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Part B: Mineral Rights - Part B-6: Beneficiation - Processing, Trade & Transport | 35. Beneficiation – Processing, Trade and Transport

Unlike in other resource-rich countries such as China, Brazil, Australia or Canada, in many African countries, the refinement of extracted minerals to increase their value takes place outside of the country in which they are mined. To address this, a mining code may include beneficiation which encourages or requires mining licence holders to establish facilities that enhance or beneficiate extracted minerals within the country’s borders before exportation abroad. The “requirement option” ensures that there are clear obligations on mining companies. However to succeed such obligations on mining companies must be realistic and correspondingly supported by a strong and comprehensive national industrialization policy. Note that in some countries beneficiation of minerals may be addressed in its own law, separate from the country’s general mining law.

A key element for designing successful policies in this area is to first conduct a sound economic and environmental analysis in order to identify sound beneficiation and commercialization opportunities and constraints. In this regard, it is interesting to consider opportunities at national level but also at a regional level, as some constraints might be better addressed in coordination with other regional countries rather than each individual country standing alone.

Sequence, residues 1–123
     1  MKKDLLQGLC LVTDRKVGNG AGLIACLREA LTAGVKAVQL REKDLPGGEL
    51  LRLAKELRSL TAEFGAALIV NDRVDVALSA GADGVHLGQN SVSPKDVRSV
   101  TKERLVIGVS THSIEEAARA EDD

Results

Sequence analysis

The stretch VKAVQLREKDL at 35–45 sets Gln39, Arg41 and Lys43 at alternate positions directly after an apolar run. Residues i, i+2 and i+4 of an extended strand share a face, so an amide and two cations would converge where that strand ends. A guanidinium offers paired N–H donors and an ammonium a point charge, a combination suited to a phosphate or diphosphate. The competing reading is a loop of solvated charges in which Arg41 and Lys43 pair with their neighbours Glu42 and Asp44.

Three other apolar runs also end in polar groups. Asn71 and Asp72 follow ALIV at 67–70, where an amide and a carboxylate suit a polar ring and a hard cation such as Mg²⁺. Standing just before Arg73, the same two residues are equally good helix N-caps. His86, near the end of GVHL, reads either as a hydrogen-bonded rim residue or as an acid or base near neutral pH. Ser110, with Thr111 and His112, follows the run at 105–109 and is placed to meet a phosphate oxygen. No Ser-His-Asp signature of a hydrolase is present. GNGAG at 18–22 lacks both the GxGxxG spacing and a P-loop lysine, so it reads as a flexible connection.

This topic may also deal with authorisation for the transport, processing, refining, cutting, polishing or trading of mineral products. In some cases, commercialization may be addressed to specific minerals. In some cases, a specific mineral will have a separate piece of legislation rather than provisions within the mining law that address this topic. In these circumstances, a country is treated as having multiple primary mining laws for the purpose of the AMLA platform. For example diamonds typically have separate provisions or legislation to address how and under what circumstances diamonds may be transported and refined for selling. Elsewhere, provisions may address the sale of jewellery or other final products made from minerals, and in some cases will lay out a licensing process, with only authorised buyer and seller licence holders permitted to engage in the commercialization of minerals.

For the purpose of the Guiding Template, the sample topics here apply only to development minerals (see Part B-5 for the explanation on development minerals) because it is an area where the current African context and capacities can prove fertile in the short to medium term, and a swift uptake by African countries of a comprehensive regional beneficiation and commercialization policy underpinned by a strong legal framework that utilizes some of the guidance outlined here can bring about transformational development dividends at both the national and continental level.

Processing, trade and transport of development mineral products may be conducted as part of an integrated mining operation or they may be conducted separately by independent actors. As such they may be governed by the mining law or by other laws or by a combination of the two. In any event, the mining law should be the law that establishes the overall policy and institutional framework for these activities.

Given that each of these activities could be undertaken separately and independently, provisions governing each type of activity are necessary.